In 2005, Nintendo released Kirby and the Canvas Curse — a title made to take advantage of the then very new touch screen technology of the DS. While the game received high praise upon its release, the actual sales demonstrated its more niche market and appeal. This made the revealed sequel, Kirby and the Rainbow Curse, a very surprising but pleasant announcement for fans of the original.
We were able to check out a bit of Rainbow Curse gameplay at a recent Nintendo press event which, while brief, was quite a detailed look at the one of the most innovative entries into the franchise yet.
Similar to Rayman Legends, Rainbow Curse plays heavily with the Wii U Gamepad, as players must control Kirby by tapping the stylus in the desired direction. The person actually playing the title even remarked with surprise that he didn’t look up at the TV screen the whole time.
Of course the main mechanic of this game is the Rainbow Meter, which allows the player to draw rainbow paths and lead Kirby into places and heights he normally can’t reach, as well as to connect between two unlinked platforms and even gain a speed boost.
Kirby can transform into various objects as well — such as a rocket, submarine and the world’s cutest tank — and use unique skills in every form. His tank form, for instance, fires special long distance rounds that are effective against airborne foes.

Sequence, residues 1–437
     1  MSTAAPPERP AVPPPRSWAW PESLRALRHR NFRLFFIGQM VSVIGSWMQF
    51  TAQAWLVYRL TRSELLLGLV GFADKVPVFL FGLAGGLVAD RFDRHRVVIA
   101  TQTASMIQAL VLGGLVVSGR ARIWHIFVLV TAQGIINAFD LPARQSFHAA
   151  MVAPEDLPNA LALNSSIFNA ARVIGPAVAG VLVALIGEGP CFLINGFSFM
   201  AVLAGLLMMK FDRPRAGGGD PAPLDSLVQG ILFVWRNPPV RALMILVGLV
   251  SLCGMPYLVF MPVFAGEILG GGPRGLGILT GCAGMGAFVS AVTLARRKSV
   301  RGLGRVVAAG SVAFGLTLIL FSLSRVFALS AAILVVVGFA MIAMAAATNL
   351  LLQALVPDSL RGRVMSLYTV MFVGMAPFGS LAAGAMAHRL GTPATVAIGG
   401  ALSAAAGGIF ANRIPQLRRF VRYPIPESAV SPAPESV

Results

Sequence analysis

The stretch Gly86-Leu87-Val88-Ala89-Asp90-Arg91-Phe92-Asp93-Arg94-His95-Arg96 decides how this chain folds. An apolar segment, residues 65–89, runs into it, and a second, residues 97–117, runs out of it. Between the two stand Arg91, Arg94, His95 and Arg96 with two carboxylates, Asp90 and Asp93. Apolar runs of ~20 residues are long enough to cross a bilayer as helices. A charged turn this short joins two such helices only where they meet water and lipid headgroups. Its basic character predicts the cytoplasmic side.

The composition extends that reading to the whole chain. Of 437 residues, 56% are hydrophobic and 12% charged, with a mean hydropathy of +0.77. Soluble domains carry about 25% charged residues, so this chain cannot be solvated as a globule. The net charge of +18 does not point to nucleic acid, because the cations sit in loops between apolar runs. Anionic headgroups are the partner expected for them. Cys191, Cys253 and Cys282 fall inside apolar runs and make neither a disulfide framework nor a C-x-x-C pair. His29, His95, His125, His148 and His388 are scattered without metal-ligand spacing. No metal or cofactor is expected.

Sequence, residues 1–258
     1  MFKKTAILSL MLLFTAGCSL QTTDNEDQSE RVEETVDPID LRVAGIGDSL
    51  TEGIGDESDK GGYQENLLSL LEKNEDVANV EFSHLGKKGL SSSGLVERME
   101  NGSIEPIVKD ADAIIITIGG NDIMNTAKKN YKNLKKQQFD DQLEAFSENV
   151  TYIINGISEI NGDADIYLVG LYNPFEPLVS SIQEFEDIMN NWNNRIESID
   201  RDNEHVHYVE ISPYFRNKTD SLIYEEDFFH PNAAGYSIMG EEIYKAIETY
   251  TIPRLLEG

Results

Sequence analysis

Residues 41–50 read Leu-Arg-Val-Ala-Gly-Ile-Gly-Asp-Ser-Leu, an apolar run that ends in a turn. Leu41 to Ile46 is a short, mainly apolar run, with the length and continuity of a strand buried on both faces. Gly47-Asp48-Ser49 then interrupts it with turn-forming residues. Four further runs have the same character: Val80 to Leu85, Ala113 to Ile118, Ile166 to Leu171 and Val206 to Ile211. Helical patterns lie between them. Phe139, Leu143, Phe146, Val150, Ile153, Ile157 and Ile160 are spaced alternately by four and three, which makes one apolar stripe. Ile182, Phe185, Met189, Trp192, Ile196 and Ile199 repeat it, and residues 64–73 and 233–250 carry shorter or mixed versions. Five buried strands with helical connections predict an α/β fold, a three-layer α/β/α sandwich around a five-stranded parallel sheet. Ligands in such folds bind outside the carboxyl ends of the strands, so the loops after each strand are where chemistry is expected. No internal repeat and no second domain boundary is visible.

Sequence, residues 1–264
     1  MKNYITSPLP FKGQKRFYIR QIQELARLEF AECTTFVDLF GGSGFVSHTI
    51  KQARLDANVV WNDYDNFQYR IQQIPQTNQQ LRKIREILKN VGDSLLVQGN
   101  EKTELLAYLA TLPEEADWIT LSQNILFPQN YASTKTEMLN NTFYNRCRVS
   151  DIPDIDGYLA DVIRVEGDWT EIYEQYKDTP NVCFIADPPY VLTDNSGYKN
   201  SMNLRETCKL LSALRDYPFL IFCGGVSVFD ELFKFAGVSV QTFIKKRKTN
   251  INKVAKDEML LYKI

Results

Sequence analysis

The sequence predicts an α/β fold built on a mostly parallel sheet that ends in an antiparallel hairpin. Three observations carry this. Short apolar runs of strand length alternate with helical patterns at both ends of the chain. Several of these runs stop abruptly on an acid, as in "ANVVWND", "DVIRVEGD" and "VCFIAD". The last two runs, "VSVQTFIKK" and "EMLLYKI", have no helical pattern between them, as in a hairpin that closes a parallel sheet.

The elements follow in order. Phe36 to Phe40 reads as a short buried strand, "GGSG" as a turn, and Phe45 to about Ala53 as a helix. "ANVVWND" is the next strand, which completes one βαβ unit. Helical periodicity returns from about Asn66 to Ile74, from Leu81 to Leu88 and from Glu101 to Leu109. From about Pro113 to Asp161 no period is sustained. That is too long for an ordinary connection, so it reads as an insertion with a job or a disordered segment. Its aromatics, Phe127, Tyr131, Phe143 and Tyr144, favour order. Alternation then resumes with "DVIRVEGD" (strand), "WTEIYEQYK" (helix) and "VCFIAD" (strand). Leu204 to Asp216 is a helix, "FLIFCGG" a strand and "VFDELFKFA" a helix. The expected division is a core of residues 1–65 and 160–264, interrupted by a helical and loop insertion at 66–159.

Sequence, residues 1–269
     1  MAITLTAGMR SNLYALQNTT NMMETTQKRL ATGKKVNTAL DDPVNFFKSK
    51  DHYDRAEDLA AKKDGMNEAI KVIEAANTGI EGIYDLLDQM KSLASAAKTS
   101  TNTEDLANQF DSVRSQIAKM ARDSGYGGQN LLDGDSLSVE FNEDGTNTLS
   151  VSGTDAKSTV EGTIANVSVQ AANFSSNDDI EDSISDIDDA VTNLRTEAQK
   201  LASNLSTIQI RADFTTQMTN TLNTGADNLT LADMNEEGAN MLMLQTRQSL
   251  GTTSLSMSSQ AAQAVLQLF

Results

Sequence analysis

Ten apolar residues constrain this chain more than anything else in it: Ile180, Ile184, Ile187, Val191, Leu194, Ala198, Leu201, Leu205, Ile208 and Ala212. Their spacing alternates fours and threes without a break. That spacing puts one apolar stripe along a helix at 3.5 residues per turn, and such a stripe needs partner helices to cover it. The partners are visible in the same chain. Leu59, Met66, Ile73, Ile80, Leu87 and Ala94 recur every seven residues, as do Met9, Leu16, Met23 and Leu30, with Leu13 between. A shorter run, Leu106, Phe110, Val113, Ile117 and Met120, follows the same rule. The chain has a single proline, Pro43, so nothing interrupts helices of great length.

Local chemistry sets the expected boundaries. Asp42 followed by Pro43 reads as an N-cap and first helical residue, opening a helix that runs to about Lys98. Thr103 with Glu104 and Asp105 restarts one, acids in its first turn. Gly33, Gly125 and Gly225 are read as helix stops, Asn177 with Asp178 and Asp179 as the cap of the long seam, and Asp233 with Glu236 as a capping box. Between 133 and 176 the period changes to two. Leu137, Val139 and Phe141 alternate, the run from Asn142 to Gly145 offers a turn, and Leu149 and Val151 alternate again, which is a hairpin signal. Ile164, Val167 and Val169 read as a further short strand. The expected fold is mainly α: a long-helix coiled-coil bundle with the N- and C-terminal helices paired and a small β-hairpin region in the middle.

Even cooler, when you gather 100 of those stars scattered around each level, you can activate an incredibly strong special attack. The tank’s special has Kirby fire a large amount of projectiles that obliterate nearly all enemies on screen. Kirby’s normal attack also has a special: a powerful forward rush that doesn’t seem to be triggered by activation of star power.
Rainbow Curse‘s style mimics the texture and movement claymation, a type of animation similar to hand drawn 2D but instead uses live-action stills of clay sculptures. The process is very arduous and as a result, tends to have a slightly jerky quality to it. Somehow the animation in the game actually mimics that same quirk, which lends a strong authenticity to the graphics.
Keep in mind, however, that the jerkiness is purposely and the game still runs at a smooth 60 FPS. Graphics are in HD quality, meanwhile, and the backgrounds are colorful and well detailed, just as in nearly any other Kirby title.
My only concern is that Rainbow Curse might be a bit too easy — a trait shared by both Canvas Curse and the more recent Kirby’s Epic Yarn. I suppose we’ll have to see whether that’s the case once the game launches in North America next year. I do know, though, that Kirby’s next adventure will be a fun one, regardless of difficulty.